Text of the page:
Monday, November 16, 2015

Not Having Internet Can Be a Drag

We did’t have internet at home for over two weeks which is a bit of a challenge, especially for working on a BLOG!
We will be making one addition to our BLOG. Each post we will include a scripture we have been studying or thinking about recently. Elder Devin G. Durrant suggested that we “Ponderize” scriptures, a combination of ponder and memorize. The scripture we chose recently is from Mosiah Chapter 3 verses 7 and 8 in the Book of Mormon. For those not familiar, this is part of an address by a prophet / king called Benjamin about 124 years BC.
7. And lo, he shall suffer temptations and pain of body, hunger, thirst and fatigue, even more than man can suffer except it be unto death; for behold blood cometh from every pore, so great shall be his anguish for the wickedness and abominations of his people.
8. And he shall be called Jesus Christ, the Son of God, the Father of Heaven and Earth, the Creator of all things from the beginning and his mother shall be called Mary.

On Saturday the 31st Sister Wolcott completed the English as a Second Language class Sister Hiatt had started for youth. Knowing English is key for improving individual prosperity here and these children worked hard on their English skills. Most Filipino’s can speak and understand English, particularly the younger generation and it is making a difference in their lives.

We thought we might share a little information about the town we live in. It is on the East side of Palawan Island, about the middle North / South. In the 2010 census Puerto Princesa had 223,000
residents with a growth rate of approximately 3% per year. At that growth rate there are about 250,000 residents now in Puerto, about 25% of the Palawan Island population. It is deceiving as one drives through town as it doesn’t appear to be nearly that size. The population centers are very dense, small homes with local shops to supply daily neighborhood needs. There are two mall type shopping areas, but they are small compared to what one would see in America. About 50% of the population lives in a “soft” house such as a nipa hut, however less than 10% are living on someone else’s land without permission, I expected the percentage to be higher.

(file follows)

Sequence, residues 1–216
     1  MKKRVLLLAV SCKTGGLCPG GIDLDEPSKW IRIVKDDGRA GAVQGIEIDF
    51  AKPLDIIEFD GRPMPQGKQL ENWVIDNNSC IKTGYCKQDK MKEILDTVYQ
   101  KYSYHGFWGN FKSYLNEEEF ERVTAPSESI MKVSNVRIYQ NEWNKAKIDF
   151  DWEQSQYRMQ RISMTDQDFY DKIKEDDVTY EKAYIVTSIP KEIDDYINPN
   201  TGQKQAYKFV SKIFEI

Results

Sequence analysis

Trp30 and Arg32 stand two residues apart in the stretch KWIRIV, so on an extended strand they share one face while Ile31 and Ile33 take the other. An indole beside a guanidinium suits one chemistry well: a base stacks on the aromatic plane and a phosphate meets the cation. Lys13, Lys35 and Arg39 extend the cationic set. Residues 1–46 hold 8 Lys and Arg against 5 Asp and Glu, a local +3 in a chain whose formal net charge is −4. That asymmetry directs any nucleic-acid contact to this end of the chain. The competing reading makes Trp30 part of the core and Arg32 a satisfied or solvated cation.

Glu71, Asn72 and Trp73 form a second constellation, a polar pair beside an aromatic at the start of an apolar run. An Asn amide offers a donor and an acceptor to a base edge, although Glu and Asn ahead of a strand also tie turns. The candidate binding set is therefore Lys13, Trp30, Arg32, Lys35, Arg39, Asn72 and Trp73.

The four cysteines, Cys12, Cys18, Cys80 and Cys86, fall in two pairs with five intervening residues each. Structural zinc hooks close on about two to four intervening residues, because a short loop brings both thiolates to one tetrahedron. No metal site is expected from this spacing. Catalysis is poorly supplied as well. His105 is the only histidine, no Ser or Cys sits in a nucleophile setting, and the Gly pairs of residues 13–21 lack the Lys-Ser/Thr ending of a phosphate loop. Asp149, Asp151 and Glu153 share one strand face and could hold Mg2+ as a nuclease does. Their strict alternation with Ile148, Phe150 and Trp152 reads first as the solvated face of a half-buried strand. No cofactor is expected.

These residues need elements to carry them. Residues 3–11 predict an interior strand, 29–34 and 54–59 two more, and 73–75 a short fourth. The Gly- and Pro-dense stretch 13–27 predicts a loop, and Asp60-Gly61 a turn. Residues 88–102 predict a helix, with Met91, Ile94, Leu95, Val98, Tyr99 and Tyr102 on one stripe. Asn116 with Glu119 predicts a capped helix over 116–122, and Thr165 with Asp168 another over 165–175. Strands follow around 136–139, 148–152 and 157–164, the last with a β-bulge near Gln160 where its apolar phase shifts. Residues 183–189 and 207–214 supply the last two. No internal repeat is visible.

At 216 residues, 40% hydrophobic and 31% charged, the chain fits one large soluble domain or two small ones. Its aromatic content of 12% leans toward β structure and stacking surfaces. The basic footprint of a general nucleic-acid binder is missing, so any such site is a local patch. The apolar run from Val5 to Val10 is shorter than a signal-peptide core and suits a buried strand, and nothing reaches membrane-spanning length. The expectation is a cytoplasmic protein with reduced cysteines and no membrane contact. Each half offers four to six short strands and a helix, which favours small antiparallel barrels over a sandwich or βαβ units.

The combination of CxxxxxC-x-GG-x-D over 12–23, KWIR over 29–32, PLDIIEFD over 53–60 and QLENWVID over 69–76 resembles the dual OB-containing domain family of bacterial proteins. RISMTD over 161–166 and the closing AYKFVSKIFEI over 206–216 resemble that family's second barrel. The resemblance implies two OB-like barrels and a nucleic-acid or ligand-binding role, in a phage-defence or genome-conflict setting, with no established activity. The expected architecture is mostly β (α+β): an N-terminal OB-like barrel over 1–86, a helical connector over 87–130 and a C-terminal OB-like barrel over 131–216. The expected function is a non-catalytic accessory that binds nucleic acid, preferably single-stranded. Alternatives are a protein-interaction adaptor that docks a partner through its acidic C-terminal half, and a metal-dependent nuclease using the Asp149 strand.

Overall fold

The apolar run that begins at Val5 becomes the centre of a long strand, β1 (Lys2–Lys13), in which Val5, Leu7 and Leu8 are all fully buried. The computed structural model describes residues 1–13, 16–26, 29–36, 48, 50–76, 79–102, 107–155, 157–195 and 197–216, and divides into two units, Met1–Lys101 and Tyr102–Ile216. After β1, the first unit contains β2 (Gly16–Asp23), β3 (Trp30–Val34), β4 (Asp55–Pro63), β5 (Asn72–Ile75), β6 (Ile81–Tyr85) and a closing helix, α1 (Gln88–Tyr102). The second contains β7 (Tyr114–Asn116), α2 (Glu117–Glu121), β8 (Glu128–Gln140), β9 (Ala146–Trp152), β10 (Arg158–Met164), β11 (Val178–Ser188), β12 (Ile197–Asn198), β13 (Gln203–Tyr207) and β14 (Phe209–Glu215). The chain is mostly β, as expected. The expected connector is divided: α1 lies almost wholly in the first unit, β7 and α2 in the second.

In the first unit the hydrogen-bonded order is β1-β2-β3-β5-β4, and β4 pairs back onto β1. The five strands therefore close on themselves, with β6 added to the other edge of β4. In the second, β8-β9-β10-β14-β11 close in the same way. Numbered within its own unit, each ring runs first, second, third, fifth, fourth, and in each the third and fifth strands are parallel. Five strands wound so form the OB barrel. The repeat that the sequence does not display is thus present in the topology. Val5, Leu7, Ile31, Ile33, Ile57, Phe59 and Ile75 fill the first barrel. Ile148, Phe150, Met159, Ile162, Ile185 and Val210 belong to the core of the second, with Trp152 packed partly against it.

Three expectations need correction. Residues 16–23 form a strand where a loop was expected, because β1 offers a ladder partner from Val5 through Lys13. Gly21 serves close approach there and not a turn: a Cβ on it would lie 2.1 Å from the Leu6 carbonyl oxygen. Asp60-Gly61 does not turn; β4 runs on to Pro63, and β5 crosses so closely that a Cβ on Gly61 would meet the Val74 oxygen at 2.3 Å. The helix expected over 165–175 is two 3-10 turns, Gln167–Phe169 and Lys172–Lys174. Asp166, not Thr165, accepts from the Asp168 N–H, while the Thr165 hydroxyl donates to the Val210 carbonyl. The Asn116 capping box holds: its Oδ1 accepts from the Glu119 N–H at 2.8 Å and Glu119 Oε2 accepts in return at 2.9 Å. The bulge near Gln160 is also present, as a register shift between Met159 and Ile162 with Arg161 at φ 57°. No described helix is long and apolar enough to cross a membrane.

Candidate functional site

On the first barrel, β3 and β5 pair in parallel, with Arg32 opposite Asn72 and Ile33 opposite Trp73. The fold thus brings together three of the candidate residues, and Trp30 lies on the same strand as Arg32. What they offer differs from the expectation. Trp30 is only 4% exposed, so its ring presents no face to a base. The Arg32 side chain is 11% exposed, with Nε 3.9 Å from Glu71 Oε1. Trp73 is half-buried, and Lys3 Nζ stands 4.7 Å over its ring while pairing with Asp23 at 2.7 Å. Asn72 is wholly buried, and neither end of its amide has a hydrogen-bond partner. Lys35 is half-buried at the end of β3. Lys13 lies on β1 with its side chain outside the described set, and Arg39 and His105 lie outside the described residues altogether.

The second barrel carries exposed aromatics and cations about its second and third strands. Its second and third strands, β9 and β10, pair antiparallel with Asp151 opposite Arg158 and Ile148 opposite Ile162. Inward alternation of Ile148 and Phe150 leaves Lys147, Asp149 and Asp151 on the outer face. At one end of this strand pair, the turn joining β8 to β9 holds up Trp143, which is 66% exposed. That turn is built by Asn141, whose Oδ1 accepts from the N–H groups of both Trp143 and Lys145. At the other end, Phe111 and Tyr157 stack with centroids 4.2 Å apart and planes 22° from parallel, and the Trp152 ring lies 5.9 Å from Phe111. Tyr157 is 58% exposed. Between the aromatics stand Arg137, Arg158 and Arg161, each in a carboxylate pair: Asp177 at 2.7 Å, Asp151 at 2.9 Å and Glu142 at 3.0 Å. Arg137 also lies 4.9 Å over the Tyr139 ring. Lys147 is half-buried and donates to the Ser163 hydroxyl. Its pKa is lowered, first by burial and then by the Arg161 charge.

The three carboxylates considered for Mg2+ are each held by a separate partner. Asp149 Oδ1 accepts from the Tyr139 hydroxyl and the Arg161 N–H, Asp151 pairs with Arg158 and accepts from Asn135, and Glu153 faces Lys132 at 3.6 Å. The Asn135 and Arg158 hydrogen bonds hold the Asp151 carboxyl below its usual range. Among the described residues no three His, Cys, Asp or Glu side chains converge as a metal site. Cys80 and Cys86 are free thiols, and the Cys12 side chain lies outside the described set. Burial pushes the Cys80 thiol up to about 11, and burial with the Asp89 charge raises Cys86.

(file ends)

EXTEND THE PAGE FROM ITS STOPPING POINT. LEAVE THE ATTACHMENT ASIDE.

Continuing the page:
The cost of living is very low, unless one buys American food which is expensive, especially if imported from America. Tourists have excellent accommodations available from plush resorts to low cost pension houses. A decent hotel with air conditioning will cost about $30 US for a night.
Health care is ok for minor needs, but surgery is a high risk, even in the best of the hospitals.
The road system on the island is about 1950’s standard compared to America, expect to average about 60 kilometers per hour (37 mph) on road trips and about 10 to 15 kilometers per hour (6 to 10 mph) in town.

There is a lot of building and renovation going on with a major airport expansion underway.
A street in Narra last Wednesday after a rainstorm
The weather has been generally pleasant, this is the cool and rainy season and a great time to come. We haven’t seen much rain, but when rains, it really rains. And cool is relative, the coolest we have seen is 76 degrees. We are acclimating pretty well, Thursday Morning on our walk we talked about how cool it felt with the light breeze, it was 85 degrees.

November 4th through the 7th we spent in Manila. We had training at the Mission Home, went to the Manila Temple, went shopping, had dinner at Gulliver’s with most of the other Senior Couples and came back to Palawan with a Senior Couple that will be replacing the Couple working the South part of the Island. That was our first experience driving in Manila…we are glad to be back in our little bungalow on Palawan Island!
Dinner in Manila with other Senior Couples serving in the Manila mission
This past weekend we went to Tay Tay about 5 hours North of Puerto where we attended Sunday meetings, spent time with the Elders, checked the Bahay (apartment) and met briefly with the group leader. This small group is associated with the Roxas branch.

We came back to Puerto Monday afternoon. We enjoyed the drive seeing rice cultivation in all stages. This is a pretty intensive process with methodology that is a mix of old and modern, labor intensive, but using current agricultural standards to maximize production.

We also saw some local logging with a Carabao. And yes we acted like tourist’s, gawking and taking pictures. The family had a good laugh at our expense, but we have some good photos. We are fascinated with this large draught animal used for so many things in the Philippines.


  1. This came through Facebook. It was great to see.

  2. Great read! Just about as good as being there (or maybe better!) Thank you for taking the time to prepare this for us. Ed

  3. Love you Uncle Jerry and Aunt Joanne! You are doing good work!

    1. What fun adventures you and Joanne are having!